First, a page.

For these Indigenous brands, sustainability is not a trend
A relationship to the land and duty to next generations means the commitment to ethical practices runs deep
If you understand that any effort toward climate justice must prioritize Indigenous leadership, why would sustainability in the fashion and beauty industries be any different? As we see the rise of sustainable brands and corporate missions to lower carbon footprints, look also to these five Indigenous business owners who are leading the way to a more ethical and sustainable future. They represent diversity in Indigeneity itself, and with different ways of putting sustainability into practice, these brands show what it takes to commit to responsible design.
Cheekbone Beauty: The makeup mogul
Cheekbone Beauty, founded in 2016 by Jennifer Harper (Anishinaabe), is known for its commitment to sustainable beauty products. While many would-be entrepreneurs may be discouraged by the oversaturation in the fashion and beauty markets, Harper saw a missing voice. "Cheekbone Beauty knew the world didn't need another beauty brand to exist," she wrote. "It did need a brand focused on Indigenous representation, offering products that are safe, and [that] understood raw ingredients and ethical sourcing. The next area was looking at new sustainable packaging options."
In creating its Sustain line, Cheekbone Beauty is aiming for zero waste by 2023, ensuring its packaging is compostable, reusable, recyclable, biodegradable and even plantable in some cases. "We spent the last three years in research and have started to create products with [the] idea of using less," said Harper. "Our first product was our Sustain lipstick — no additional boxing, making sure all the important information was on the biodegradable paper tube."
Many Indigenous teachings are centred around having a harmonious relationship with the Earth and all living things, and Cheekbone Beauty incorporates those teachings into its business practices. "This is a journey," Harper said. "We see the need for new, better innovation, and technology is changing all the time. It comes at greater cost, but this is our Indigenous responsibility to the land."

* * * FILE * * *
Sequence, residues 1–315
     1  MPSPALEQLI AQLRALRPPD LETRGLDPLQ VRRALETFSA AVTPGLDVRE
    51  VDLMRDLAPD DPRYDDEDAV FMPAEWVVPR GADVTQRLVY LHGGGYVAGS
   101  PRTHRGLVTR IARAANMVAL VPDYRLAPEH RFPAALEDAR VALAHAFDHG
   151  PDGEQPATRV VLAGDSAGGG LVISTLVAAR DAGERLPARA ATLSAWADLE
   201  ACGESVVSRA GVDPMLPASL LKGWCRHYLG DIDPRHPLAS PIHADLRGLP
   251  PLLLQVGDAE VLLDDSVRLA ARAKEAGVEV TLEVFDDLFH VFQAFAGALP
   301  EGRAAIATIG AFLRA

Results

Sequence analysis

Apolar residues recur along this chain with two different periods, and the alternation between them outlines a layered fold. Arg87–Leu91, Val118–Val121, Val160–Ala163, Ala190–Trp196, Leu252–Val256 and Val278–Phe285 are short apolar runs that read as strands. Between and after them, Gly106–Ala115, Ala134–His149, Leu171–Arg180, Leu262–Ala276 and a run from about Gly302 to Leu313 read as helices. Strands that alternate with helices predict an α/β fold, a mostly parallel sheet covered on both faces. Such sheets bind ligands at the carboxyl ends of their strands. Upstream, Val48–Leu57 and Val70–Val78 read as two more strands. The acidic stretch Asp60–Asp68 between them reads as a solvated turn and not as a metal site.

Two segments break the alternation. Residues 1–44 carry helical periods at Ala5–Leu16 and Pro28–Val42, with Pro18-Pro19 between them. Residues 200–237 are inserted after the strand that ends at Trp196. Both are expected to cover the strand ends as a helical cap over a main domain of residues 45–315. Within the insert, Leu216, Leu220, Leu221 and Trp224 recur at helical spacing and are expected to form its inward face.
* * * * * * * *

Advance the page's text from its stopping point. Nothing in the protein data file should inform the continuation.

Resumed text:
Tania Larsson: The land-based designer
In acknowledging our inherent stewardship of the land, Tania Larsson (Gwich'in) combines traditional teachings with contemporary design. Using materials directly from the lands of the Canadian Arctic and splitting her time between moosehide-tanning camps and the drawing table, the concept of no waste is built into her design process. "When you see the elements and the land as alive, with their spirits watching over you, that sense of responsibility is so much deeper," wrote Larsson. "When I cut the moosehide that I smoke-tanned to make adornments, all of the extra bits that most fashion industries would throw out, I salvage and create smaller designs with it."
Larsson's line is naturally unique, and her jewelry runs, limited edition. "All the animal byproducts I use are from subsistence hunting, and I use whatever is left over to create tools, jewelry and hides. I decided to only use metals that can be recycled like gold, silver and copper. I now only use vintage and antique glass beads that are dead stock [product a company is unable to sell]."
With this particular process has come the need for transparency and education — key to combating the consumer's expectation to receive goods almost immediately. "Educating my clients about my process, the materials, the work, the time it takes to create these adornments is a big part of my communication," Larsson said. "I didn't realize that speaking your truth and education would be such a huge part of my work. I didn't realize that thinking differently, doing things differently and constantly challenging the status quo would lead me to where I am today."
Urban Native Era: The content creators
While many Indigenous designers work at the intersection of education and aesthetics, Urban Native Era makes its voice known in a five-word slogan: You are on Native land. Founded by Joey Montoya (Lipan Apache) in 2012 to spread awareness about Indigenous issues and social movements through clothing, the brand's mission is not only to increase the visibility of Indigenous life, but to commit to eco-conscious production practices too. "I had to really think, how can Urban Native Era begin to make this slow shift to become more eco-friendly even as a small business?" Montoya wrote. "It is not an easy shift to make because the [cost] of producing eco-friendly clothes is much higher. But I believe that every brand, artist or individual can slowly shift their mindset to make small or big changes to where they are getting their resources from."